After depicting a dysfunctional father-daughter relationship in “Florida,” popular French director Philippe Le Guay is back with his long-gestated comedy/drama “Normandie Nue” starring Francois Cluzet as an endearing French mayor on a mission to save his village’s community of struggling farmers. The film tells the story of this modest Normandie village getting turned upside down by a famous American photographer who sets off to have the whole town pose naked for him in a field.
Mixing a few well-known actors such as Cluzet and François-Xavier Demaison with non-professionals, “Normandie Nue” is produced by Anne-Dominique Toussaint’s Les Films des Tournelles and represented in international markets by SND.
Le Guay has established himself as one of France’s most successful directors of sophisticated French comedies with films like “The Women on the 6th Floor,” a 1960’s-set tale about a conservative couple’s lives which are turned upside down by two Spanish maids in Paris, and “Cycling with Molière” about a pair of egocentric actors rehearsing for a play. Both films performed well in French theaters, traveled to key territories, played at festivals and won awards.
SND, which will host the market premiere of “Normandie Nue” at the UniFrance Rendez-Vous with French Cinema in Paris, has already scored a flurry of pre-sales, including to Germany (Concorde), Benelux (Paradiso), Spain (Vertice), Greece (Feelgood), Portugal (Ludomundo), Switzerland (Filmcoopi), Poland (Kino Swiat), Canada (MK2 Mile End), Mexico (Nueva Era), Taiwan (Cai Chang), Australia/New Zealand (Palace), Israel (New Guys/Nachshon) and Airlines (Encore).
Le Guay spoke with Variety about “Normandie Nue” at the Rendez-Vous in Paris, ahead of the market premiere.
“Normandie Nue” is different from all your previous films in that it takes place entirely in a rural environment and talks about the lives of farmers. What’s the genesis of this film?
It goes back a long time. My grand-parents had a home in a Normandie town and I would go visit them when I was young. During these visits, I discovered that the daily lives of farmers and their world is so much richer than what we’re used to see in films so I had the idea of making a film about this community. There are very few films about farmers and I think that’s because filmmakers don’t know how to depict them in a non-documentary style.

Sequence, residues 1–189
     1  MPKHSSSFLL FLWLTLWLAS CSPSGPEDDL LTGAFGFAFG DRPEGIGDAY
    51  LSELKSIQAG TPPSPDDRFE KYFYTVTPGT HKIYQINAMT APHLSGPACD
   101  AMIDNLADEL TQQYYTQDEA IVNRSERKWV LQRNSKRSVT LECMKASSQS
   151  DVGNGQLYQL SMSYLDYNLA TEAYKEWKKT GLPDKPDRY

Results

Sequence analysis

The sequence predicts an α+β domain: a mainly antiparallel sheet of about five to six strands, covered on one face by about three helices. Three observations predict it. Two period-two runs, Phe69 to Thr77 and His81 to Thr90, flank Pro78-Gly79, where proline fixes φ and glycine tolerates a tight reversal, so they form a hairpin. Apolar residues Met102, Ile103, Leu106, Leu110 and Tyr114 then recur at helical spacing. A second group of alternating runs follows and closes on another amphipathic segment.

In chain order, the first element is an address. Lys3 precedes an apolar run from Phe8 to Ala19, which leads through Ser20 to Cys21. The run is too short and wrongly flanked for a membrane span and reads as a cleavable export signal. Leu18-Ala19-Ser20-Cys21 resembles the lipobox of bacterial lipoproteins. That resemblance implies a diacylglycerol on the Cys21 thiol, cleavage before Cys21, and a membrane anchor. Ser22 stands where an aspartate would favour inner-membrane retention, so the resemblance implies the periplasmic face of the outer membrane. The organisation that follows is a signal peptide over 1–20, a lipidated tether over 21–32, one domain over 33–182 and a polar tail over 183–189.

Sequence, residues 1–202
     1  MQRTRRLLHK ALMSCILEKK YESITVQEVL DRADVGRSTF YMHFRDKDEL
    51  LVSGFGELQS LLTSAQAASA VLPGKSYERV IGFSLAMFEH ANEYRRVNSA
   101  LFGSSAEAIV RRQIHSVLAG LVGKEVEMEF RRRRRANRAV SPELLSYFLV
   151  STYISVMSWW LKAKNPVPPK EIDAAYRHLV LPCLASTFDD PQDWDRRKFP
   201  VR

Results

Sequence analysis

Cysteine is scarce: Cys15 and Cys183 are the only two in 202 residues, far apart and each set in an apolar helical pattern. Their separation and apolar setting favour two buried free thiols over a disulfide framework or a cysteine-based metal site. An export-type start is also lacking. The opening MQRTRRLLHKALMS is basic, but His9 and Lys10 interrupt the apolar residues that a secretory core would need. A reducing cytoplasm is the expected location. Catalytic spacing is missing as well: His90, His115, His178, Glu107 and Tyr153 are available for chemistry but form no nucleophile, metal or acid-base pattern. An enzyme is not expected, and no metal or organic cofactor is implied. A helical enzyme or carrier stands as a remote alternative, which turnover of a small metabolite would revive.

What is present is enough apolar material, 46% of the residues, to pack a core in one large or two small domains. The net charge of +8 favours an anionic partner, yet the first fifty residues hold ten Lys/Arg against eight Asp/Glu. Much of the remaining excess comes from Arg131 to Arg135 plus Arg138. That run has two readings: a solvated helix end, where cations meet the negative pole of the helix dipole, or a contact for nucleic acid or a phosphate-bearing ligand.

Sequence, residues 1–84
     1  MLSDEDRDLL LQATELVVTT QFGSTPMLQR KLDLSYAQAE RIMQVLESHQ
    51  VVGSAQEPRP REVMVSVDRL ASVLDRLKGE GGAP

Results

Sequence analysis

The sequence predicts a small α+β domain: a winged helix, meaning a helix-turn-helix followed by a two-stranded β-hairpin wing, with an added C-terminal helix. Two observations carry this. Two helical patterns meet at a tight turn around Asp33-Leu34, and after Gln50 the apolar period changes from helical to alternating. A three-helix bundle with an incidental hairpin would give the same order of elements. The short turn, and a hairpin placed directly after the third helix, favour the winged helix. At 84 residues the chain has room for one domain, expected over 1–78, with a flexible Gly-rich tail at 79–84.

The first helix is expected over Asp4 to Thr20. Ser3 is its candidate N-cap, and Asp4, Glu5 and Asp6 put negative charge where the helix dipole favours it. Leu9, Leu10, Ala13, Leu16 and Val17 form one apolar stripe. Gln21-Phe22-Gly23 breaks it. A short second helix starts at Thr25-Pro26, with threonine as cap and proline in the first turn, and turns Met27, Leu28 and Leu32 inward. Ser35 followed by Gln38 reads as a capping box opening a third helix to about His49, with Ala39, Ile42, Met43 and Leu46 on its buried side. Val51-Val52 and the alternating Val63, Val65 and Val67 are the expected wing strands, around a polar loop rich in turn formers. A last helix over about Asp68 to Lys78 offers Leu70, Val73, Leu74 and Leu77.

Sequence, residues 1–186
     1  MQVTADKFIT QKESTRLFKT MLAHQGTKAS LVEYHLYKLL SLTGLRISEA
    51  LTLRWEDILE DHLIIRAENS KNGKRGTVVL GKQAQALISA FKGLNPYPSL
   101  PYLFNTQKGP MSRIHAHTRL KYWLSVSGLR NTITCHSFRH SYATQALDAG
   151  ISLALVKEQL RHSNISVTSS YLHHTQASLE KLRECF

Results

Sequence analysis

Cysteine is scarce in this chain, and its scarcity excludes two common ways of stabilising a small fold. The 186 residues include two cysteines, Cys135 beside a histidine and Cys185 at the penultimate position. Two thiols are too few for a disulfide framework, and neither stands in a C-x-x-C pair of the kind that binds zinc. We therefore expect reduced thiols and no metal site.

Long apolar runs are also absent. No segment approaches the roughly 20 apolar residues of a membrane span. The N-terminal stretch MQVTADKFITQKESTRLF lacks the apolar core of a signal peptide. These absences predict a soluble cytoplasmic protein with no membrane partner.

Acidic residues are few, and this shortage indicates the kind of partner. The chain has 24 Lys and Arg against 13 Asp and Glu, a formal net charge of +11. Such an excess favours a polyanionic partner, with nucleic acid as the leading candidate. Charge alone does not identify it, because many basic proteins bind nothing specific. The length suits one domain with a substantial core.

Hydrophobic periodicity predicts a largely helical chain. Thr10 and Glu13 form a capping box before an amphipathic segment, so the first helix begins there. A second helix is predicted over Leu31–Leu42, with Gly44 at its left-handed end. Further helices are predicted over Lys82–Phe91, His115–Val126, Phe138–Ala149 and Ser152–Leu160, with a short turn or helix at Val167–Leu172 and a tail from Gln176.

The farmers in your film are very colorful characters. How realistic is their portrayal?
Yes, it’s a colorful community. When you spend time with them, you discover how much fantasy, humanity these people have and as a writer and filmmaker they give you a rich canvas to work with. And I also didn’t want the film to look like a documentary so I accentuated certain traits.
How did you come up with the idea of this famous American photographer who wants to take the village inhabitants naked?
I found it an interesting narrative device to have this conceptual artist who comes from a very different environment and absolutely wants to get everyone naked in his photo. The mayor sees this art project as an opportunity to give visibility to the village and the plight of local farmers who have become invisible in the media; but ultimately, locals have to take their destiny in their own hands. It’s like a social fable showing how these people are able to overcome their fears of stripping down because they are driven by their convictions and collective spirit.
It’s your first collaboration with this cast — Francois Cluzet, Francois-Xavier Demaison and Gregory Gadebois and the film is full of fresh faces.
Yes, it’s my first time working with this great cast. Cluzet was perfect in this role because he has this endearing charm, he can be both childish and fraternal, and he can also get really mad. Half of the cast is made up of non-professionals, mainly real-life farmers and Normandie locals who were wonderful.
Like your previous films, “Normandie Nue” has a high-concept and a polished look similar to some American comedies. It’s not a typical French social comedy. Was that intentional?
I’ve always been inspired by American cinema, some iconic filmmakers like Sidney Lumet. I like the way Lumet could make films that were very contemporary, grounded in real life and at the same time be bigger than life, provide audiences with a truly entertaining experience. That’s what I tried to do with “Normandie Nue.” There are different levels of narration, a wide range of characters and sub-plots, and the underlining theme is the difficulties that farmers face today in rural France; which is a universal theme because farmers around the world are struggling today.
Is there one film in particular that inspired you for “Normandie Nue”?
Yes, “The Quiet Man” by John Ford, about a retired American boxer who returns to his hometown in Ireland. The way John Ford describes the village that comes together, the tenderness and humanity that emanate from this portrayal inspired me for “Normandie Nue.”
What are you working on next?
It will be a completely different film! A romantic comedy about a love triangle. The title is “What are you doing in my dreams?”